So, what's wrong with dismissing all of this nonsense, and getting on with the science, already?
Well, first of all, the best way to fight ignorance is with knowledge. So these claims should be investigated.
Secondly, I think it would be intellectually dishonest for anyone claiming to believe that science is the best way to understand the world to dismiss anyone's beliefs without at least making the attempt to assess their claims scientifically.
Finally, what if some of the believers turn out to be right? Here's a little secret: science isn't always right! Or to state that more accurately, the body of scientific knowledge - what we think we know - is sometimes proven wrong. The scientific method might be the best way we know to get at the truth, but part of that method is to constantly re-evaluate what we think we know, to make sure that new data, new knowledge, new evidence hasn't shown our previously-held beliefs to be faulty. (That's what peer-review is all about, after all.)
I'm not going to directly address the existence of a god (for lack of a better word) here. Nor am I going to go into detail about why I believe that scientific inquiry is the best method for gaining knowledge about the world. These are deeper philosophical questions that fall outside the area of my topic.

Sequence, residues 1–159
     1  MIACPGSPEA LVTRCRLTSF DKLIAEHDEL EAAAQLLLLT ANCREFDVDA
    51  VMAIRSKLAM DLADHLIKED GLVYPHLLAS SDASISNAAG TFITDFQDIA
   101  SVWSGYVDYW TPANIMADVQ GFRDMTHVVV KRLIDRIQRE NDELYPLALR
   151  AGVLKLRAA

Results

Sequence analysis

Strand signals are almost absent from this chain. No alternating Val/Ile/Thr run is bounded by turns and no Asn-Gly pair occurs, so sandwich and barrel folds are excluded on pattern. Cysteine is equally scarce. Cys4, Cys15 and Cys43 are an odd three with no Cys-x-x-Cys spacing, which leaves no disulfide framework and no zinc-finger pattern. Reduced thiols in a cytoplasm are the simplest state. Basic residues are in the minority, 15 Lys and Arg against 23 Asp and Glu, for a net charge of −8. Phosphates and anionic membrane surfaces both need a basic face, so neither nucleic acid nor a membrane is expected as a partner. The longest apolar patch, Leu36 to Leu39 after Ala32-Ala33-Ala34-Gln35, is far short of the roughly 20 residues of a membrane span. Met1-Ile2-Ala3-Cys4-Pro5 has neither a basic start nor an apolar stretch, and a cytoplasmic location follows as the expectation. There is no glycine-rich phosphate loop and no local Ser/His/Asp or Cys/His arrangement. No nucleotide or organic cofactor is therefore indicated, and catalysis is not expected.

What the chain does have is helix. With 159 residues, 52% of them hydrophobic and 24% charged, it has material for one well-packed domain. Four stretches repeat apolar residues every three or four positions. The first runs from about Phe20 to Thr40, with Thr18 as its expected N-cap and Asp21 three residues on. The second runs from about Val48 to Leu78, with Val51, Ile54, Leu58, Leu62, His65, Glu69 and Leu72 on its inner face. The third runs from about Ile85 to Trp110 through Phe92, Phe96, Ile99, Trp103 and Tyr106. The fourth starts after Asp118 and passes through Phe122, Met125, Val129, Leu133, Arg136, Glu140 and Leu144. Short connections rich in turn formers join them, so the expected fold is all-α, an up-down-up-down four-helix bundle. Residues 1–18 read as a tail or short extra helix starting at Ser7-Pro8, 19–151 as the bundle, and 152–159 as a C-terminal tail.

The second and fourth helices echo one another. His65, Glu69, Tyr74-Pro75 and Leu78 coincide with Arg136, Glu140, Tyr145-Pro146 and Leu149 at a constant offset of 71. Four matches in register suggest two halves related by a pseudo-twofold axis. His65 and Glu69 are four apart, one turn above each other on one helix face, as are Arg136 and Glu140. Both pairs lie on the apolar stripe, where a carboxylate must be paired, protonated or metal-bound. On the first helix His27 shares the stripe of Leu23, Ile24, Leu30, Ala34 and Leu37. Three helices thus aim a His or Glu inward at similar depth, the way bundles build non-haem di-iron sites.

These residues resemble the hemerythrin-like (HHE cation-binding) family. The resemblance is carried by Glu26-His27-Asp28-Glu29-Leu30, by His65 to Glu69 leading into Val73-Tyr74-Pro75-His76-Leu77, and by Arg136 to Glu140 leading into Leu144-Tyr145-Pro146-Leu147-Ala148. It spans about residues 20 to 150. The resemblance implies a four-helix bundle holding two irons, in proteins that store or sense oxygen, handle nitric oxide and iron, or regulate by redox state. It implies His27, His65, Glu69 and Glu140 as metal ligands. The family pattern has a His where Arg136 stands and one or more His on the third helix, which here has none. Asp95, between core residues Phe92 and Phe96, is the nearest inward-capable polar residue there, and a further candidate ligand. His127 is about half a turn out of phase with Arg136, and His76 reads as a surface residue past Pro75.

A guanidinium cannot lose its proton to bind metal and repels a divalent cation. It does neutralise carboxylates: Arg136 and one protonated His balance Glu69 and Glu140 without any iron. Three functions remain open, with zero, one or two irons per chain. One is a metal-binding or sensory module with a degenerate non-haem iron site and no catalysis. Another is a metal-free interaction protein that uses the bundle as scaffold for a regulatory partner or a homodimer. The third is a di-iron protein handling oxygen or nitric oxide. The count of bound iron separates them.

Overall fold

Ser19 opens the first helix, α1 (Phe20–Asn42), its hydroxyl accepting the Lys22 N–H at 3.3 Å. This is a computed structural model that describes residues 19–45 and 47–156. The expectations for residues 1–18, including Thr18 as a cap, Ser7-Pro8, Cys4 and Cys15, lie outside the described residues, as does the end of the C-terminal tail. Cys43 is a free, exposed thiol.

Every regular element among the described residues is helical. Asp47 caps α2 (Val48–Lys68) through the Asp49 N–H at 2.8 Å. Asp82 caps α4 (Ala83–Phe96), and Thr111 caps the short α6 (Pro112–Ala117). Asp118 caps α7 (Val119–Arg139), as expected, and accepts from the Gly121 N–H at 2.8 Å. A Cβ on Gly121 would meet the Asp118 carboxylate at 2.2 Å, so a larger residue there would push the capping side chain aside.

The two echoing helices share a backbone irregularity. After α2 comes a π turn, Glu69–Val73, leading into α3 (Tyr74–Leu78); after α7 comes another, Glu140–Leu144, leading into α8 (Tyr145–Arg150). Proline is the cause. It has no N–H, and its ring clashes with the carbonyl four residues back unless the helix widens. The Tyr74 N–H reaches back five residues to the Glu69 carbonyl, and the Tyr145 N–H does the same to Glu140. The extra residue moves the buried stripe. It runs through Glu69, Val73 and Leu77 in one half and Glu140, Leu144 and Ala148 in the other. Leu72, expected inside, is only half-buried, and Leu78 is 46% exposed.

I'm more concerned with what I see as a dogmatic take on some of the lesser "Commonly-Held Beliefs" of the so-called Modern Skeptical Movement. So let's take a look at those:
• The "Paranormal."
As a Rationalist, I don't believe there can be any such thing as the "paranormal." Anything that can be described and can be proven, by its very nature, must fall within the realm of the "normal." But that's just quibbling over semantics.
What about specific claims, such as ESP or telepathy? If these things are proven to exist, there must be some way to measure or test them. Attempts have been made, but with without any conclusive positive results. Such abilities could exist, and even have a scientific explanation. As much as we have learned about the brain in the last century, there is still so much more we do not understand. We should retain an open, if skeptical mind regarding these abilities. After all, before the work of people like Hertz and Marconi, the idea of invisible waves in the air that could be manipulated in order to communicate across great distances would have seemed ridiculous. What if some of us are developing an ability to use these or other invisible waves to transmit and read something like these within our own bodies, similar to the way our ears and eyes pick up the correct electromagnetic frequencies to allow us to see and hear?
Do I believe in such powers? No. Personally I think it's kind of a ridiculous claim. (Where are the organs that allow this? We need eyes to see, and ears to hear. Wouldn't we need some other organs to transmit and receive these other waves?) Still, just because I and most other skeptics don't believe this is possible, doesn't mean research shouldn't be done. We must retain our objective open-mindedness as best we can. (Just not so open that our brains fall out, as James "The Amazing" Randi has often said - though, I think he's probably quoting someone else.)